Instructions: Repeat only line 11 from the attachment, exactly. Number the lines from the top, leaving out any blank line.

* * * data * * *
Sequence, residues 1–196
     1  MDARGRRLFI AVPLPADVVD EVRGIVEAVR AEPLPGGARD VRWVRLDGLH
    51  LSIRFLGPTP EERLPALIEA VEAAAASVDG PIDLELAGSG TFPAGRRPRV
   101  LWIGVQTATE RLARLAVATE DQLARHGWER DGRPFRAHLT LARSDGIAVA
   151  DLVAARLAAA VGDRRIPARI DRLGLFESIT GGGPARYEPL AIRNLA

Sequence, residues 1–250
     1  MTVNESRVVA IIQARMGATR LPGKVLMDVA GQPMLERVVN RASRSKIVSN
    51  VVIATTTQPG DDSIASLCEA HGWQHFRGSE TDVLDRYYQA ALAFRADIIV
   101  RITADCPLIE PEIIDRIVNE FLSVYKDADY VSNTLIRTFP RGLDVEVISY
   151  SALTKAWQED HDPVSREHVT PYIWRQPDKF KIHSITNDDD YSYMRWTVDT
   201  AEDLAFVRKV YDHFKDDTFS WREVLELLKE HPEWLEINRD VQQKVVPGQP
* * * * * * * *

   201  AEDLAFVRKV YDHFKDDTFS WREVLELLKE HPEWLEINRD VQQKVVPGQP